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Definitions of understanding

  1. the statement (oral or written) of an exchange of promises; "they had an agreement that they would not interfere in each other's business"; "there was an understanding between management and the workers" Scrapingweb Dictionary DB
  2. the cognitive condition of someone who understands; "he has virtually no understanding of social cause and effect" Scrapingweb Dictionary DB
  3. the capacity for rational thought or inference or discrimination; "we are told that man is endowed with reason and capable of distinguishing good from evil" Scrapingweb Dictionary DB
  4. an inclination to support or be loyal to or to agree with an opinion; "his sympathies were always with the underdog"; "I knew I could count on his understanding" Scrapingweb Dictionary DB
  5. characterized by understanding based on comprehension and discernment and empathy; "an understanding friend" Scrapingweb Dictionary DB
  6. of Understand Nuttall's Standard dictionary of the English language. By Nuttall, P.Austin. Published 1914.
  7. Knowing; intelligent; skillful; as, he is an understanding man. Webster Dictionary DB
  8. The act of one who understands a thing, in any sense of the verb; knowledge; discernment; comprehension; interpretation; explanation. Webster Dictionary DB
  9. An agreement of opinion or feeling; adjustment of differences; harmony; anything mutually understood or agreed upon; as, to come to an understanding with another. Webster Dictionary DB
  10. The power to understand; the intellectual faculty; the intelligence; the rational powers collectively conceived an designated; the higher capacities of the intellect; the power to distinguish truth from falsehood, and to adapt means to ends. Webster Dictionary DB
  11. Specifically, the discursive faculty; the faculty of knowing by the medium or use of general conceptions or relations. In this sense it is contrasted with, and distinguished from, the reason. Webster Dictionary DB
  12. Intelligent. The Winston Simplified Dictionary. By William Dodge Lewis, Edgar Arthur Singer. Published 1919.
  13. The reasoning faculties; the mind; state of knowing, or power to know; comprehension; an agreement. The Winston Simplified Dictionary. By William Dodge Lewis, Edgar Arthur Singer. Published 1919.
  14. Understandingly. The Winston Simplified Dictionary. By William Dodge Lewis, Edgar Arthur Singer. Published 1919.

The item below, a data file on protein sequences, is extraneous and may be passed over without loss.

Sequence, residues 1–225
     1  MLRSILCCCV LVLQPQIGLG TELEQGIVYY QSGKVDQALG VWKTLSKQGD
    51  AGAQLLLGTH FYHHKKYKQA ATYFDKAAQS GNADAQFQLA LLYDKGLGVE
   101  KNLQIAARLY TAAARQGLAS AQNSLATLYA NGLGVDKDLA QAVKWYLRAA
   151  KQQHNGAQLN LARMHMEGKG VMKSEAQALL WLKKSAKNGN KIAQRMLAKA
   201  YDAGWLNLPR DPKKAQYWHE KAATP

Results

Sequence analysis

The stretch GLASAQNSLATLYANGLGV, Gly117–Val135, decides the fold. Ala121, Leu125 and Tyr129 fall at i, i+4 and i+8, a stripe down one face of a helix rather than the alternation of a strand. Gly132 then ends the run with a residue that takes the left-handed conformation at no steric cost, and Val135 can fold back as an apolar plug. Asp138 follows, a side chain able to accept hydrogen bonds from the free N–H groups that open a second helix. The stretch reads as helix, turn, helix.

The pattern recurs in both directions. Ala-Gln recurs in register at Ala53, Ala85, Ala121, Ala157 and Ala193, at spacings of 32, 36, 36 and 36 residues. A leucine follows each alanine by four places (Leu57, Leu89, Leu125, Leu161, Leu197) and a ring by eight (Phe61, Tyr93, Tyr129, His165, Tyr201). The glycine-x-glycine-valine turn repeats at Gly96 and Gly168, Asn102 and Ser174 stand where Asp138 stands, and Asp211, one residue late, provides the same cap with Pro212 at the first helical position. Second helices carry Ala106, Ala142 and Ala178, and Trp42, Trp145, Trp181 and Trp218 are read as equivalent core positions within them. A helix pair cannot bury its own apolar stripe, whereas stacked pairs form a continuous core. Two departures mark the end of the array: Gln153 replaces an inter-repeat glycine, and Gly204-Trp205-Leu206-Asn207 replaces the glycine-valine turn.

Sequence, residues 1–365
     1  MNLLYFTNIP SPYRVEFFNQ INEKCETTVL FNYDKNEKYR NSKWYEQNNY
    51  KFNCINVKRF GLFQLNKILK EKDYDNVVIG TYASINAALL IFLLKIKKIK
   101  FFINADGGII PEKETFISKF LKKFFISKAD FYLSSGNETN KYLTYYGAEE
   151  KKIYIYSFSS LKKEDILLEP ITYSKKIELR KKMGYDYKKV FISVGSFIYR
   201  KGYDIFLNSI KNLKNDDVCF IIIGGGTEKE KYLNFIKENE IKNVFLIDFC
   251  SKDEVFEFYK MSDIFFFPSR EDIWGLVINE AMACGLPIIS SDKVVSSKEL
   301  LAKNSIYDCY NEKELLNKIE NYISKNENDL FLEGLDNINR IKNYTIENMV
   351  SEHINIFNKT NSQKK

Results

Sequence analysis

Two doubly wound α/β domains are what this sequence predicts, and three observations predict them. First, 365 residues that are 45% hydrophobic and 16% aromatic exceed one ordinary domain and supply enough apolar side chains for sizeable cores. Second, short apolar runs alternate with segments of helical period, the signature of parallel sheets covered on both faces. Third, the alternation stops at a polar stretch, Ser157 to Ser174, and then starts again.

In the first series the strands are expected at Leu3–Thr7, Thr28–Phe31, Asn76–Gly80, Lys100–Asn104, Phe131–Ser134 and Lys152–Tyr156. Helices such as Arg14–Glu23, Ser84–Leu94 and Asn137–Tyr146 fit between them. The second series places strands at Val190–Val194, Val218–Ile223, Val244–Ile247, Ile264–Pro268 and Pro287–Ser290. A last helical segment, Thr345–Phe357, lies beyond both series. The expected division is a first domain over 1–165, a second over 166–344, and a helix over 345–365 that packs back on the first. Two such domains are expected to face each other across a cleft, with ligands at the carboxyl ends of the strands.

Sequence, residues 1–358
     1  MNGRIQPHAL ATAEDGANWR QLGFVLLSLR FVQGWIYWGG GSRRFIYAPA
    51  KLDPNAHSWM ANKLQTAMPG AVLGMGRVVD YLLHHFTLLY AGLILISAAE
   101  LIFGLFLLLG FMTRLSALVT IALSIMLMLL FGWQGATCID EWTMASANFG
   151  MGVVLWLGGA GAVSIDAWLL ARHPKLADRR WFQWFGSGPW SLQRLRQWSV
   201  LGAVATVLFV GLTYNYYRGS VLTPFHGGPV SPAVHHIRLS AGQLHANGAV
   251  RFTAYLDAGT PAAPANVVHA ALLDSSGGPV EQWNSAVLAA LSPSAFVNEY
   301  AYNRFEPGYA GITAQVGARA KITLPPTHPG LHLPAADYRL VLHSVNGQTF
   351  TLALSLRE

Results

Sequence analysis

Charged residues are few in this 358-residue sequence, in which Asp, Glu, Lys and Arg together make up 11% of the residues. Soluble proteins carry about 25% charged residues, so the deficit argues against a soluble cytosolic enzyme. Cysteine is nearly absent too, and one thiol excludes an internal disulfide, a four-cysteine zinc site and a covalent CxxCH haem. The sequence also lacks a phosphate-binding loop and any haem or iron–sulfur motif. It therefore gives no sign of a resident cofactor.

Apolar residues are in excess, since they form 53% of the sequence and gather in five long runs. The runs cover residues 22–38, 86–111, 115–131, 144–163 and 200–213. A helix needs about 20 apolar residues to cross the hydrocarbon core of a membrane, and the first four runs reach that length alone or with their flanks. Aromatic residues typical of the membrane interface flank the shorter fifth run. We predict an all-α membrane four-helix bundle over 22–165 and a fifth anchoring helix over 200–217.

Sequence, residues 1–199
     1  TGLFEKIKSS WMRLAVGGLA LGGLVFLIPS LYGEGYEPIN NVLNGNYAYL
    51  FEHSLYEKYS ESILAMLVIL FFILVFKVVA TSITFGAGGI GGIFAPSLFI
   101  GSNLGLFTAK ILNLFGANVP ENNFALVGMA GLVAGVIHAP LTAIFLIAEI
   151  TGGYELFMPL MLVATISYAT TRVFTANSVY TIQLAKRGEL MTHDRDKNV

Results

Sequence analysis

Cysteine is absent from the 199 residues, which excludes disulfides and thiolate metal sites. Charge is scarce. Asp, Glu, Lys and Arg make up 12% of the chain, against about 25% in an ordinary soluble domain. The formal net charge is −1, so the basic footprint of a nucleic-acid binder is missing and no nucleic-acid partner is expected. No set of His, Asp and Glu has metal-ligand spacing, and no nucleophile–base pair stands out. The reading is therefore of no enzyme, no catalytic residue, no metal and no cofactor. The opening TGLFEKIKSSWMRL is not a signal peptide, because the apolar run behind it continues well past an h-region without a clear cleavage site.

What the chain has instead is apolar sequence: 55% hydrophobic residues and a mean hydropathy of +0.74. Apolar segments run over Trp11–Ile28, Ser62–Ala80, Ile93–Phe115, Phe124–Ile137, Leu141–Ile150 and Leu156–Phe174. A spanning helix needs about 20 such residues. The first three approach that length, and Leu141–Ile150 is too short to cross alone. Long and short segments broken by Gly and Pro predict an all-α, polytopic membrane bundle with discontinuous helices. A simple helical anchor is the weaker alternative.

15. The act of comprehending: the faculty or the act of the mind by which it understands or thinks: the power to understand: knowledge: exact comprehension: agreement of minds: harmony. The american dictionary of the english language. By Daniel Lyons. Published 1899.
  16. (B.) Knowing, skillful. The american dictionary of the english language. By Daniel Lyons. Published 1899.
  17. Act of knowing; comprehension; faculty of comprehending; judgment. The Clarendon dictionary. By William Hand Browne, Samuel Stehman Haldeman. Published 1894.
  18. Intellectual apprehension. The Concise Standard Dictionary of the English Language. By James Champlin Fernald. Published 1919.
  19. The faculty by which one understands. The Concise Standard Dictionary of the English Language. By James Champlin Fernald. Published 1919.
  20. The facts of a case as apprehended. The Concise Standard Dictionary of the English Language. By James Champlin Fernald. Published 1919.
  21. An informal compact. The Concise Standard Dictionary of the English Language. By James Champlin Fernald. Published 1919.
  22. Knowing; skilful. Etymological and pronouncing dictionary of the English language. By Stormonth, James, Phelp, P. H. Published 1874.
  23. The faculty of the mind by which it apprehends the real state of things presented to it or the representation made to it; the act of comprehending or apprehending; power to understand; discernment; knowledge; exact comprehension; intelligence between two or more persons; agreement of minds. Nuttall's Standard dictionary of the English language. By Nuttall, P.Austin. Published 1914.
  24. Comprehending the ideas or sense of another. Etymological and pronouncing dictionary of the English language. By Stormonth, James, Phelp, P. H. Published 1874.
  25. That power of the mind by which it is enabled to receive or comprehend the real state of things presented to it, or that by which men derive ideas from sensations; the faculty of reflection and generalisation; among Ger. metaphysicians, the faculty of the mind which deals with real, practical, and material knowledge, and the adaptation of means to ends, and which is distinguished from reason; intellect; comprehension; conception; intelligence; terms of communication. Etymological and pronouncing dictionary of the English language. By Stormonth, James, Phelp, P. H. Published 1874.
  26. In the law of contracts. This is a loose and ambiguous term, unless it be accompanied by some expression to show that it constituted a meeting of the minds of parties upon something respecting which they intended to be bound. Camp v. Waring, 25 Conn. 529. But it may denote an informal agreement, or a concurrence as to its terms. See Barkow v. Sanger, 47 Wis. 507, 3 N. W. 10. thelawdictionary.org
  27. In vbl senses, esp.; intelligence, as has an excellent u., men without u.; power of apprehension, power of abstract thought, (often opp. to reason); agreement, harmony, union of sentiments, convention, thing agreed upon, as must come to an u. with him, disturbed the (good) u. between them, had a secret u. with other firms, consented only on this u., on the distinut u. that. Concise Oxford Dictionary
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